• Each one of us developed from a single fertilized cell. In the nucleus of that little organic dot was the genetic programming for every aspect of the yet-undeveloped adult—organs, nerves, hair, skin color, and even personality traits. These were programmed into the incredibly tiny specks of matter called chromosomes. According to Ashley Montague in his book Human Heredity, the space occupied by all this data is remarkably small. If the blueprints for every one of the five billion human beings on Earth were gathered together, they would fit into the space of an aspirin tablet. source: D.G. Lindsay, Harmony of Science and Scripture, Dallas 1998. 


It is fair to say that a single cell is the most complex structure known to man. (ibid) Some cells are so small that a million of them could occupy a space no larger than the head of a pin. Yet the blueprint for our entire makeup was contained within the chromosomes of the nucleus of the first cell.

The cell is a micro-universe, comprised of trillions of molecules—the building blocks for countless complicated structures that perform chains of complex biochemical reactions with precision. One biologist declared the awe-inspiring constitution of a cell:


Even if we knew all there is to know about how a cell works, we would still be baffled. How nerve cells create emotions, thoughts, behavior, memory and other perceptions cannot yet, if indeed ever, be described in the language of molecular biology. source: D.G. Lindsay, Harmony of Science and Scripture, Dallas 1998. 


D.G. Lindsay expands on the complexity of the cell:

[quote] A single cell exhibits the same degree of complexity as a city with all of its systems of operation, communication and government. Within each tiny cell are power plants that generate energy; factories that produce foods essential for life; complex transportation systems that guide specific chemicals from one location to another; barricades that control the import and export of materials across the cell. Every minute structure within a cell has a specific function. Without the full complement of all these systems, the cell cannot function. In fact, even the slightest malfunction within the cell can bring about the immediate termination of its existence. How unbelievable that such awesome complexity could have arisen by chance! [end quote] 

A single amoeba’s DNA has enough information capacity to contain the data stored in a thousand sets of encyclopedias. Lindsay, Haromony of Science and Scripture.  DNA is the equivalent of a computer program (and every program had to have a programmer). Microsoft founder Bill Gates even notes, “DNA is like a computer program, but far, far more advanced than any software we’ve ever created.”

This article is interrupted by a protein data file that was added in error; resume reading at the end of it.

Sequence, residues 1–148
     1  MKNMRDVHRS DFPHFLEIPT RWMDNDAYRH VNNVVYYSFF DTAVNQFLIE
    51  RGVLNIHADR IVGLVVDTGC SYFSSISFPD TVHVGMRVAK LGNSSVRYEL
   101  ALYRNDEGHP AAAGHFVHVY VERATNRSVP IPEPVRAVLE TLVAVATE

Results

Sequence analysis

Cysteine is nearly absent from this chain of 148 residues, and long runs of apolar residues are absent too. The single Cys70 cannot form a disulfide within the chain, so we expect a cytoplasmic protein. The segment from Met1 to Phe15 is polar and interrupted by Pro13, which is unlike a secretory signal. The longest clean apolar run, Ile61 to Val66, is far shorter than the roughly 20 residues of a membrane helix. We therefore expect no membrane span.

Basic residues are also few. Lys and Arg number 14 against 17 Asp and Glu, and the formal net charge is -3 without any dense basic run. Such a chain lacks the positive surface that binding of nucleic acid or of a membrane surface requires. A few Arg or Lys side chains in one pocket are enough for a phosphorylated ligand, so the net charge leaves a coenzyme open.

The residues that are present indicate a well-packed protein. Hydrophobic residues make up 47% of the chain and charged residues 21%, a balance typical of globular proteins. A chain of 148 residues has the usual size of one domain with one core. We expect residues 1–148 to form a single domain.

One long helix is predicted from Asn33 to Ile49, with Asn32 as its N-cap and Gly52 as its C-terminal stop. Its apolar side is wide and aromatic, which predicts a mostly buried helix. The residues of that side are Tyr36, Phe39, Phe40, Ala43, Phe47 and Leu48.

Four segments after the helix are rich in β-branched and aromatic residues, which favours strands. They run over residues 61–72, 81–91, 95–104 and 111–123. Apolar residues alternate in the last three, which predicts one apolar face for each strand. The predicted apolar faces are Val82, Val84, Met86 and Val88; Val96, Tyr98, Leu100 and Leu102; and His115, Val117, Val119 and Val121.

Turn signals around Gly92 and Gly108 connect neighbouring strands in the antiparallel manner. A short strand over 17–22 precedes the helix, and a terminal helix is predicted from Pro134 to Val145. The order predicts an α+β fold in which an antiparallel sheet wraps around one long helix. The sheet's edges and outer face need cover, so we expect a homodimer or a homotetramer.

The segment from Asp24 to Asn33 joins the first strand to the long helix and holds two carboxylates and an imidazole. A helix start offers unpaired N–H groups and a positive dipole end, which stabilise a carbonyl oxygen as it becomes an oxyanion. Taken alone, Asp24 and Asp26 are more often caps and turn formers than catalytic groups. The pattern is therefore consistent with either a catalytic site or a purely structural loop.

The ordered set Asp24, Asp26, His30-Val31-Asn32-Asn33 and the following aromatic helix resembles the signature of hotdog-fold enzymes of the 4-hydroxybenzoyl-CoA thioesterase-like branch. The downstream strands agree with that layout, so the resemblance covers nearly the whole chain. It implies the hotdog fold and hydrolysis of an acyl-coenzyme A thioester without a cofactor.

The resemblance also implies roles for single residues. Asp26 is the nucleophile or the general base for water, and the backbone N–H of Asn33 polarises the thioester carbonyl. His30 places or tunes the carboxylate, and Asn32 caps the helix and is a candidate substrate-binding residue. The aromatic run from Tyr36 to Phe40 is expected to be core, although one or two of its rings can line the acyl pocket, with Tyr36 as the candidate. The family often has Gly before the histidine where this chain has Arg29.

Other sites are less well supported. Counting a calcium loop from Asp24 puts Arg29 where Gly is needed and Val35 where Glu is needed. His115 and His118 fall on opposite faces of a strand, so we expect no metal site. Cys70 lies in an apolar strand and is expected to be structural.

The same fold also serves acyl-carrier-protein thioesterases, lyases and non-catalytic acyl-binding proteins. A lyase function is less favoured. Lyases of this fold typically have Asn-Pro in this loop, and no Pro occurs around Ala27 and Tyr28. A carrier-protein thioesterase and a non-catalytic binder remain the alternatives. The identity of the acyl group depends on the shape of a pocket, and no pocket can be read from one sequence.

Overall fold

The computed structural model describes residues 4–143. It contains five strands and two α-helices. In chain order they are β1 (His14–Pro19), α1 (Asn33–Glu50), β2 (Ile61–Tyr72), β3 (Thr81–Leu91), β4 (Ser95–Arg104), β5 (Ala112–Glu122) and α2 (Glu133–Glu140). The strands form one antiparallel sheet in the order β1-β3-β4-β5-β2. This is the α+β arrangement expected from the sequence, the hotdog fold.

Every human adult carries about 100 billion miles of DNA strands—a distance greater than the diameter of the solar system—and each cell has four to six feet of the DNA ladder. And every adult human has 100 trillion cells. source: D.G. Lindsay, Harmony of Science and Scripture, Dallas 1998. 

In his remarkable book Darwin’s Black Box: The Biochemical Challenge to Evolution, Michael Behe explains that many biological systems are “irreducibly complex.” If any one part were missing—because the needed part had not yet evolved, for instance—the entire system would not work. Many such irreducibly complex systems support life, and if the missing part keeps the life support system from functioning, that is a fatal blow. 

Behe argues forcefully that there are several cellular functions that could not possibly have formed gradually by any natural process, including “cilium, vision, blood clotting, or any complex biochemical process.” And if not formed by a natural process, the only alternative is a supernatural process by a supernatural designer.

Behe also notes: “Other examples of irreducible complexity abound, including aspects of DNA reduplication, electron transport, telomere synthesis, photosynthesis, transcription regulation, and more.” From these facts, Behe draws a bold but inescapable conclusion:

The result of these cumulative efforts to investigate the cell—to investigate life at the molecular level—is a loud, clear, piercing cry of “design!” The result is so unambiguous and so significant that it must be ranked as one of the greatest achievements in the history of science. 


Copyright 2006 ©Brannon Howse. This content is for Situation Room members and is not to be duplicated in any form or uploaded to other websites without the express written permission of Brannon Howse or his legally authorized representative.